Potential market segments for genetically modified food: Results from cluster analysis
The commercial success of genetically modified (GM) food may be improved with appropriately targeted marketing. To that end, data from a survey of supermarket shoppers in New Zealand were analysed with a cluster analysis. A six-cluster solution found three clusters with positive intentions to purchase GM apples and three clusters with negative intentions. Positive intentions appeared to result from either price sensitivity or a desire to obtain a premium product. Negative intentions were especially strong in one cluster but appeared to be partially counteracted in two other clusters by offering respondents a specific benefit from gene technology. These results suggest that GM food may benefit from appropriate marketing to specific consumer segments. [EconLit classification: D120, M310]. © 2007 Wiley Periodicals, Inc. Agribusiness 23: 567-582, 2007.
Volume (Year): 23 (2007)
Issue (Month): 4 ()
|Contact details of provider:|| Web page: http://onlinelibrary.wiley.com/journal/10.1002/(ISSN)1520-6297|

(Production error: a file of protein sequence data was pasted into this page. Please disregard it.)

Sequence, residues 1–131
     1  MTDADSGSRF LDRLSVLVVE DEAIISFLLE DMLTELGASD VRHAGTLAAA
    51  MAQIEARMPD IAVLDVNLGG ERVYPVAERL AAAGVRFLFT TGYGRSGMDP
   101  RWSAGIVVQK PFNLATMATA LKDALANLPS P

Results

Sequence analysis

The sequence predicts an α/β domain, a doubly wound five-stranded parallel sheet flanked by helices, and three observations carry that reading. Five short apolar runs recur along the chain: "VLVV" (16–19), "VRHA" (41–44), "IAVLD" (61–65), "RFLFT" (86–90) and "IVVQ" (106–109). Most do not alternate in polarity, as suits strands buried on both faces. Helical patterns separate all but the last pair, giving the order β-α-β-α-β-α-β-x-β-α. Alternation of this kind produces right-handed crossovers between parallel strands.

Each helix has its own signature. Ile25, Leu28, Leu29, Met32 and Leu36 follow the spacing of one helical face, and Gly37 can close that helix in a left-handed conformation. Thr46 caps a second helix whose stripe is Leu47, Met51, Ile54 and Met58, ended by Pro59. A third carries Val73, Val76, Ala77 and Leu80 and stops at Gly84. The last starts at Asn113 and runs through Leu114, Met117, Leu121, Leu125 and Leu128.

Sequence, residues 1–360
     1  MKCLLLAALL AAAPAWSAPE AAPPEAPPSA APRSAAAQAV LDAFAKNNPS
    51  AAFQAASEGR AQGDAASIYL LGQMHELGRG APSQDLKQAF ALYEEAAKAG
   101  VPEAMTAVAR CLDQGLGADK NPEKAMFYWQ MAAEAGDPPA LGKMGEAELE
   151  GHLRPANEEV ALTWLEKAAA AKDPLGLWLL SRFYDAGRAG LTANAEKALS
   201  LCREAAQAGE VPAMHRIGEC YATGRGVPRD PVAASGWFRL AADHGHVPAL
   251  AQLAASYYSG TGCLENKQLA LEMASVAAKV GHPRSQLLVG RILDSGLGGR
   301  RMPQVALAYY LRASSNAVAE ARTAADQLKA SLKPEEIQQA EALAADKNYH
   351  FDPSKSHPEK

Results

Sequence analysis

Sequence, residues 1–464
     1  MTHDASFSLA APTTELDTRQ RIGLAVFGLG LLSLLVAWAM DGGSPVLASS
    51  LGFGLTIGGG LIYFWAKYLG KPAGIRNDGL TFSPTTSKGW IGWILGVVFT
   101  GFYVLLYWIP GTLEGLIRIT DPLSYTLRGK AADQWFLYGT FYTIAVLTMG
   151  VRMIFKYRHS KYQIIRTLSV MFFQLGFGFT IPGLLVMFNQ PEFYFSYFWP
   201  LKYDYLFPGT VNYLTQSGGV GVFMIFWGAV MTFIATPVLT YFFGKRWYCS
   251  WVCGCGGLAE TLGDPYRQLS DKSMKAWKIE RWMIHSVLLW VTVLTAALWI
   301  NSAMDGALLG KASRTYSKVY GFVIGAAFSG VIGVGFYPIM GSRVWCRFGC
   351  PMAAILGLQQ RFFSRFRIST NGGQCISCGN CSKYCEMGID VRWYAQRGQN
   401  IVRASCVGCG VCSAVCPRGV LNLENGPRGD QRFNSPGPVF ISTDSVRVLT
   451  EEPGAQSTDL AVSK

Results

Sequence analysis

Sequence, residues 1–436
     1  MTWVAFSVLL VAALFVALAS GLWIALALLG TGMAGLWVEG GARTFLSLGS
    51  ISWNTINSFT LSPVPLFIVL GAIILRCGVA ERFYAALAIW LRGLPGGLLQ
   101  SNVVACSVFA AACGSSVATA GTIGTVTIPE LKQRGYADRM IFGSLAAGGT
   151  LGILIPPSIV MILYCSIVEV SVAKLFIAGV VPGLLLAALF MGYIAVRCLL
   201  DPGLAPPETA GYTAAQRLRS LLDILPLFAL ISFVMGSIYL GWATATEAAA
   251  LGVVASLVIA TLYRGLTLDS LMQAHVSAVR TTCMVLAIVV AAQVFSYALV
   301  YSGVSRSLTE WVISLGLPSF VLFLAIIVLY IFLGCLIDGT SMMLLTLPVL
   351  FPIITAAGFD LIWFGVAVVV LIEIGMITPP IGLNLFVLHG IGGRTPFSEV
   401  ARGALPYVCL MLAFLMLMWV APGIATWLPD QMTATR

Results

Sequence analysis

Please report citation or reference errors to , or , if you are the registered author of the cited work, log in to your RePEc Author Service profile, click on "citations" and make appropriate adjustments.:
- Shoemaker, Robbin A. & Harwood, Joy L. & Day-Rubenstein, Kelly A. & Dunahay, Terry & Heisey, Paul W. & Hoffman, Linwood A. & Klotz-Ingram, Cassandra & Lin, William W. & Mitchell, Lorraine & McBride, W, 2001. "Economic Issues In Agricultural Biotechnology," Agricultural Information Bulletins 33735, United States Department of Agriculture, Economic Research Service.
- Rosenberger, Randall S. & Peterson, George L. & Clarke, Andrea & Brown, Thomas C., 2003. "Measuring dispositions for lexicographic preferences of environmental goods: integrating economics, psychology and ethics," Ecological Economics, Elsevier, vol. 44(1), pages 63-76, February.
- Roberts, James A. & Bacon, Donald R., 1997. "Exploring the Subtle Relationships between Environmental Concern and Ecologically Conscious Consumer Behavior," Journal of Business Research, Elsevier, vol. 40(1), pages 79-89, September.
When requesting a correction, please mention this item's handle: RePEc:wly:agribz:v:23:y:2007:i:4:p:567-582. See general information about how to correct material in RePEc.
For technical questions regarding this item, or to correct its authors, title, abstract, bibliographic or download information, contact: (Wiley-Blackwell Digital Licensing)or (Christopher F. Baum)
If references are entirely missing, you can add them using this form.